Mr. McKinney once again has called for a hearing, this time on the breach of private information, including social security numbers and other data that those affected by the breach would rather not share with potential criminals. Mr. Sullivan has responded, “Senator McKinney wants to have a hearing on everything, and I appreciate that his gubernatorial campaign needs [publicity]. His response to everything is to have a hearing.’’

Naturally, Democrats such as Mr. Sullivan, who now control all the levers of state government – including the governor’s office, both houses of the General Assembly, committee chairs and appreciative judges– are hearing shy, because public hearings tend to shine a spotlight in dark corners and prevent autocratic Democrats from hiding political dirt under their rugs. Progressive experts especially would rather banish from the halls of power taxpayers and other milch cows who do not understand that governing is best left to credentialed experts in government, provided they are progressive enthusiasts and not odious members of the Tea Party.

One understands; one sympathizes. In a one party state, the governing class can well afford to overlook such democratic measures in support of ethical government as public hearings and bi-partisan legislatures. The governing autocrat does not appreciate eyes – hostile eyes at that! – peering over his shoulder when he wants to slip one by alert members of the General Assembly, or reward with an unexamined contract someone who may contribute generously to his campaign, or stave off an annoying question put to him by a wide-awake reporter not yet in thrall to the prevailing regime.

Mr. Sullivan has advised Mr. McKinney that any problems arising from the selection of JP Morgan Chase as a business agent responsible for the hacked accounts will be settled, so to speak, in-house. The legislature, so far, has not been involved in crafting the public’s business; why complicate matters by insisting on a public hearing now?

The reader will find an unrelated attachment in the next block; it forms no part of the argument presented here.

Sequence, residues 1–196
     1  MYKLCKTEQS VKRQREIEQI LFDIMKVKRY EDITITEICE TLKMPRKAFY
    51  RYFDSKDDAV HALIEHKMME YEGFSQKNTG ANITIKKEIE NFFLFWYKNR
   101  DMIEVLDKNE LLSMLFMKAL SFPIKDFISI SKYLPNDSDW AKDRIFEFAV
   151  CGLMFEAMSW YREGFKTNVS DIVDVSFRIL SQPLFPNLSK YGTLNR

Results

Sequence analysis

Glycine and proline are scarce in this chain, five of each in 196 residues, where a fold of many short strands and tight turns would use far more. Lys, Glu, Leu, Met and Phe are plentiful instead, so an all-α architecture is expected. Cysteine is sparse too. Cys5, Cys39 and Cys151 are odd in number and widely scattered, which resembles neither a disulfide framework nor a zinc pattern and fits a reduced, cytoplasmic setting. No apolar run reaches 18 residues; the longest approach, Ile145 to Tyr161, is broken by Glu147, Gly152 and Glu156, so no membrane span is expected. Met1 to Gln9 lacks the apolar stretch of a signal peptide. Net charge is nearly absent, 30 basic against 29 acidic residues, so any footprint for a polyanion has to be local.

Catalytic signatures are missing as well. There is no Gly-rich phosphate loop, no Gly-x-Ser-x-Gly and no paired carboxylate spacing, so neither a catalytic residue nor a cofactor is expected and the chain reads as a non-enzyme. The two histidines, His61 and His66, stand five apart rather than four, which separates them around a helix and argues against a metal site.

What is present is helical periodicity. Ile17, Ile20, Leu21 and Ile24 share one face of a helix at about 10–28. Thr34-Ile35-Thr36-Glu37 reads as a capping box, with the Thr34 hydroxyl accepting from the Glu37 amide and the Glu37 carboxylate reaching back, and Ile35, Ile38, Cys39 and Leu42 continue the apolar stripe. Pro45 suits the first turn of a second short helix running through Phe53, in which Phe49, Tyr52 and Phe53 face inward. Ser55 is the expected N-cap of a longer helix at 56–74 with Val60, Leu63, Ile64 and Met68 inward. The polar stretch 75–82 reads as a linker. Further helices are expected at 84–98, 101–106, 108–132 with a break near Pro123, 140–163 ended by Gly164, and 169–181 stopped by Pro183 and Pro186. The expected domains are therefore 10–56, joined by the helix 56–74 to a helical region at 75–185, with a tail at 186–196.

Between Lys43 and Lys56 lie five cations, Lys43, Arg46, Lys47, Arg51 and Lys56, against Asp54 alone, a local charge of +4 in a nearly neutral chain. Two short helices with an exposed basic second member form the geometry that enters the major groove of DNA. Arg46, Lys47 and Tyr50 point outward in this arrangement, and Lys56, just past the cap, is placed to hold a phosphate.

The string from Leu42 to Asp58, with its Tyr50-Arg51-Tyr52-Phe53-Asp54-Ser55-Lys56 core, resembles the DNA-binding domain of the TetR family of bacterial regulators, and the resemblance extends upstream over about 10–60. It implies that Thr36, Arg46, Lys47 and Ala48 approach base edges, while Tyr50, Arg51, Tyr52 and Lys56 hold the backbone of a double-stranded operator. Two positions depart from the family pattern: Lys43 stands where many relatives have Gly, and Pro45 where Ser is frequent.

Following Mr. Sullivan’s too hasty rejection of Mr. McKinney’s call for a legislative investigation, Mr. McKinney noted he had sent a letter to Mr. Sullivan and state Treasurer Denise Nappier: “If Commissioner Sullivan is afraid to come before the legislature and answer questions, I would hope he would answer the questions I sent him in the letter. It is certainly not in keeping with an administration that claims to be open and transparent. The old cliché is if you have nothing to hide, why don’t you come out and talk about it?’’

Why indeed? A frank and unvarnished answer to Mr. McKinney’s question might run as follows: 1) Mr. Malloy has made it clear from the beginning of his administration that minority Republicans are not to play a significant role in the state’s new one party government, a message first pressed upon Republicans when Mr. Malloy shooed them from the room during budget negotiations with Connecticut’s fourth branch of government, public employee unions; 2) public hearings are unnecessary in any progressive government that relies chiefly upon “rule by a body of experts,” most of whom are engaged in refashioning the state along lines acceptable to enlightened progressives; 3) in case non-progressives in Connecticut’s new one party state are having some difficulty in deciphering the operative rule of the Malloy administration, it is this: Everything in the progressive state; nothing outside the progressive state; nothing above the progressive state. Is that clear enough?